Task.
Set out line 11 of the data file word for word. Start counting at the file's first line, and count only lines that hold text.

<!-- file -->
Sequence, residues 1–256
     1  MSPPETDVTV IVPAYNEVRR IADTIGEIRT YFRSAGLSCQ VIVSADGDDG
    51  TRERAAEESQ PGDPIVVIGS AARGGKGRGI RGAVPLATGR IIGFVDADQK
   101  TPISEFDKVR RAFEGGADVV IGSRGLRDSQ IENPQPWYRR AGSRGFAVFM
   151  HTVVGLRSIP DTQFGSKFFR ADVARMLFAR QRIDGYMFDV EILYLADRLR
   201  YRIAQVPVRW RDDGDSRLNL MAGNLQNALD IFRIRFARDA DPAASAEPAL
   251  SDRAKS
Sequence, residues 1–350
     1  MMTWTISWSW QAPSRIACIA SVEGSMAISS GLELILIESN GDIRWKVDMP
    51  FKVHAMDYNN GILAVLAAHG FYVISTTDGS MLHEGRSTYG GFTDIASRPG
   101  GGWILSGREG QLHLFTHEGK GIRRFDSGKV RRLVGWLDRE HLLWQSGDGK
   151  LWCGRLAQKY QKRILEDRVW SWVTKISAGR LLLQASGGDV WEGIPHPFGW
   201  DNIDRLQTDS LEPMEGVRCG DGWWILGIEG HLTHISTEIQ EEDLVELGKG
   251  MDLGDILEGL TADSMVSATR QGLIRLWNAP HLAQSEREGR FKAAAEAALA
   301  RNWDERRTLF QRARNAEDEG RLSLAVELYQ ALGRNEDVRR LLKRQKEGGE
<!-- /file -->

   101  GGWILSGREG QLHLFTHEGK GIRRFDSGKV RRLVGWLDRE HLLWQSGDGK